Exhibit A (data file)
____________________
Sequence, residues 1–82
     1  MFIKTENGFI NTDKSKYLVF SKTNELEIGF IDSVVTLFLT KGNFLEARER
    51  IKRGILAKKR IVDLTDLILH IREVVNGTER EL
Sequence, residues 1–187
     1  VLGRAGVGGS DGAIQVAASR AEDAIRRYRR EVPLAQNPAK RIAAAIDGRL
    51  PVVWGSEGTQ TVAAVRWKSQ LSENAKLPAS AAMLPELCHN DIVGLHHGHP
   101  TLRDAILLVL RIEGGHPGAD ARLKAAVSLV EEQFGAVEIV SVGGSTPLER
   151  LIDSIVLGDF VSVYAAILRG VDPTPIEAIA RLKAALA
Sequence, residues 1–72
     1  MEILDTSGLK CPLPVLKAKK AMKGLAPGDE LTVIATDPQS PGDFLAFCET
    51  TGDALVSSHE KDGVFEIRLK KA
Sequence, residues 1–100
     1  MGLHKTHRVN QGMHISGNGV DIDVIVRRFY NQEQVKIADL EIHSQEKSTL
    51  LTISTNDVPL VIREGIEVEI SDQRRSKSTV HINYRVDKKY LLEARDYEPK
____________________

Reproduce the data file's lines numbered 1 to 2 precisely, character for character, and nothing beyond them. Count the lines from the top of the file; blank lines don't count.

Sequence, residues 1–82
     1  MFIKTENGFI NTDKSKYLVF SKTNELEIGF IDSVVTLFLT KGNFLEARER